Various stakeholders from within the HIV continuum gathered in Mazowe, Mashonaland Central province for a four day Pre-Exposure Prophylaxis (PrEP) communication strategy development workshop.
By Michael Gwarisa in Mazowe
The workshop was hosted by the National AIDS Council (NAC), in collaboration with Jhpiego, with funding from Global Fund with the objective to design a communication instrument for the planning and coordination of demand creation interventions implemented by key stakeholders and implementing partners in at community level to motivate the uptake and sustained use of PrEP by priority audiences.
The communication strategy is set to provide guidance on developing innovative and effective communication strategies to promote lower risk behaviour and support diverse populations to make decisions that reduce the risk of HIV transmission through the use of PrEP.
In an interview with HealthTimes, National AIDS Council (NAC) Acting Chief Executive Officer, Mr Raymond Yekeye said current HIV landscape needs new communication strategies.
We are here in partnership with our colleagues who are offering HIV prevention in eh country in different provinces as well as targeting different populations to look at how we can better communicate about HIV prevention so that our messages reach the intended audiences, they appropriate for the intended audiences and they address the priority issues within the HIV response,” said Mr Yekeye.
The workshop attracted participants from government, development partners, Media, Communications personnel, Civil Society Organisations (CSOs), Non-Governmental Organisations, Adolescent Girls and Young Women (AGYW) Key populations, the disabled amongst others.
“For this program, the overall objective is to see how best we can develop the communication messages for HIV prevention. What has happened here is the team has used PrEP as an example because it’s a fairly new program that we taking up as a country. Therefore there is still a lot of work and communication issues that are required for us to be able to fully rollout PrEP.
“The issue is about understanding PrEP, who should access PrEP, the fears, the issues of age appropriate programing. Those are some of the challenges we have faced to say do we roll out PrEP to all our populations or we roll it out to specific groups.”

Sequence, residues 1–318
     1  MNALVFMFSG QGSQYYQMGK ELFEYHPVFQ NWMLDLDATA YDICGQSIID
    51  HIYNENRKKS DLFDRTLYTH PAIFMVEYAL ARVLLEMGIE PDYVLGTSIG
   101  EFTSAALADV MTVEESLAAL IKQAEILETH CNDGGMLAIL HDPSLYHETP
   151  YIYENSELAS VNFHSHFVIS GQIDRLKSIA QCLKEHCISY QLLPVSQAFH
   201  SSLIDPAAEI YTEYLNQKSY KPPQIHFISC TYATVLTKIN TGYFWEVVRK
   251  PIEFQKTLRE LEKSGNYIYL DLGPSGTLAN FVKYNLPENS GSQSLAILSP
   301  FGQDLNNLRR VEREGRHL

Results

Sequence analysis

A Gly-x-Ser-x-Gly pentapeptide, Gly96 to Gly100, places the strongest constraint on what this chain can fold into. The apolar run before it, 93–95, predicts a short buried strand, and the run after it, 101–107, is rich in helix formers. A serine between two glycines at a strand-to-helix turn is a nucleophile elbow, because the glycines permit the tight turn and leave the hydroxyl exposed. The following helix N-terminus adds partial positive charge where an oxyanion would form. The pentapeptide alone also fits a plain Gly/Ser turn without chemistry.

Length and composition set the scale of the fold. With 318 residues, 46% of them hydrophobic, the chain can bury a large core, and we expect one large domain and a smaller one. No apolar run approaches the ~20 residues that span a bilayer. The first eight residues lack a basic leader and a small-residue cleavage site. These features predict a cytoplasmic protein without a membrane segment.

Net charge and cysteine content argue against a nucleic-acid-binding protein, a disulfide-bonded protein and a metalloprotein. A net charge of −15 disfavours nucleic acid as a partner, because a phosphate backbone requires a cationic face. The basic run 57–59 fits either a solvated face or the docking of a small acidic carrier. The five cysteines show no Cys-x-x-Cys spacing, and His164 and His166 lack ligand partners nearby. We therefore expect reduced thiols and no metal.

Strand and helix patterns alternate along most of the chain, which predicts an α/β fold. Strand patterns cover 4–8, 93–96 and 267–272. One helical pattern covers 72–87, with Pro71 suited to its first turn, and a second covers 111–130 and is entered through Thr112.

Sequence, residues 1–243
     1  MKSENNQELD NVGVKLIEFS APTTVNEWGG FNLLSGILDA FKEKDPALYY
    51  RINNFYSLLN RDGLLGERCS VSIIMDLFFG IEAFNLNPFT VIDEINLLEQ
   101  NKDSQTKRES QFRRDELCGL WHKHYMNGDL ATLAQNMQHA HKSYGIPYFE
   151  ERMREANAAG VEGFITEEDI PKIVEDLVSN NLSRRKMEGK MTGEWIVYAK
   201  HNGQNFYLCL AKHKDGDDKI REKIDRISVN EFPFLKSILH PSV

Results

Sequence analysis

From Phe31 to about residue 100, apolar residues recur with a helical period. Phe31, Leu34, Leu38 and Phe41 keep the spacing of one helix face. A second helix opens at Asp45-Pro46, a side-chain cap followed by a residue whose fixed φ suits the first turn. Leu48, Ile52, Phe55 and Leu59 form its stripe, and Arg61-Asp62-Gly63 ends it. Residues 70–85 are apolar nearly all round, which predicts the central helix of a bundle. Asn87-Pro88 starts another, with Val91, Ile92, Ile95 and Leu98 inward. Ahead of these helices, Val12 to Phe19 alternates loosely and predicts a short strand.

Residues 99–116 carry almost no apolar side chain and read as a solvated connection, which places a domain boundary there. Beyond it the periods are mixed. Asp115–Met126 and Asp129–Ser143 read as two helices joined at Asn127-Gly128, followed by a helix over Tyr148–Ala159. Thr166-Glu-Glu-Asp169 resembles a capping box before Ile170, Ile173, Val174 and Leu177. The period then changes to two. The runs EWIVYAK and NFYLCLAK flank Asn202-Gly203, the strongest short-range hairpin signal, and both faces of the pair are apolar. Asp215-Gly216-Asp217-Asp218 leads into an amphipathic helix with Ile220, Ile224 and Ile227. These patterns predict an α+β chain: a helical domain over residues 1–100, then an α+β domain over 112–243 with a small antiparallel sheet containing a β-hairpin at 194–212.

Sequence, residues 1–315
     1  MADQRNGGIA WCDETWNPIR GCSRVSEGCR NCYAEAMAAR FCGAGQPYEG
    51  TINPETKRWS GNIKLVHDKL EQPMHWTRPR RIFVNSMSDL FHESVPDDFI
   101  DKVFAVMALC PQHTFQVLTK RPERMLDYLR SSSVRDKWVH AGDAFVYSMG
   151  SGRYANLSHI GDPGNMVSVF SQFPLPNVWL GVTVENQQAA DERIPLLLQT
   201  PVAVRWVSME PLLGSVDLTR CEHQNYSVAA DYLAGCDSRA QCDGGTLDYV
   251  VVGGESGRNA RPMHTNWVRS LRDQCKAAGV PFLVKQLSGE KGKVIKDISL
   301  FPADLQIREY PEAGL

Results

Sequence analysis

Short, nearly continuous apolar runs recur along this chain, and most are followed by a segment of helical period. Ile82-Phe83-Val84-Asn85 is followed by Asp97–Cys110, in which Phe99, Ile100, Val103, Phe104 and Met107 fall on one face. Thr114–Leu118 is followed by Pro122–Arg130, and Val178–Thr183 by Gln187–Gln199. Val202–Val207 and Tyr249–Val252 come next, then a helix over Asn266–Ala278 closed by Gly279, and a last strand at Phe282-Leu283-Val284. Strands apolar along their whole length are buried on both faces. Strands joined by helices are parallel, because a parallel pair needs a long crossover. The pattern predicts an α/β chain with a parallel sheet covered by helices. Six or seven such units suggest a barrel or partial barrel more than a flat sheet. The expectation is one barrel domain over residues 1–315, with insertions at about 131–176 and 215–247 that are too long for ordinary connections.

PrEP is the use of Antiretroviral (ARV) drugs by HIV-uninfected persons to prevent the acquisition of HIV before exposure to HIV. According to the Ministry of Health and Child Care (MoHCC) data, in 2021, a total 40, 395 people took up PrEP and the country surpassed the target the country had set for PrEP uptake from that period.
Agnes Ngure, Demand Generation Implementation lead at Jhpiego said, “..this workshop was planned in collaboration with NAC in Zimbabwe and the objective is to bring implementing partners together with the national council for us to develop a communication plan for PrEP in Zimbabwe so that we are all aligned on the implementation of PrEP programing here in Zimbabwe.”
The workshop according to Ngure was also able to demonstrate what demand generation looks like and also transfer knowledge, tools and resources which partners can use during the implementation of PrEP.
“One of the most important things about this session is that we brought together different partners and they were all able to showcase their achievements, their opportunities and they gaps they have in PrEP implementation. Through that, we have been able to share experiences and learn from each other and to most importantly agree on the way forward regarding how we want to implement PrEP communication and demand generation in Zimbabwe,” said Ngure.
Meanwhile, Zimbabwe National HIV Guidelines included a single daily oral PrEP pill containing 300mg tenofovir disoproxil fumarate (TDF) as part of HIV Prevention intervention. It can be used as a fixed-dose combination with 200mg Emtricitabine (FTC) or 300mg Lamivudine (3TC).
Most oral PrEP pills contain a combination of two ARVs- tenofovir disoproxil fumarate (TDF) and emtricatabine. Zimbabwe commenced rollout of oral PrEP program in 2016 in bid to widen HIV prevention options for people at high HIV infection risk.
Data from the 2020 ZIMPHIA Survey puts the current HIV prevalence at 1.3 million people and young women make up the biggest number of new infections compared to males.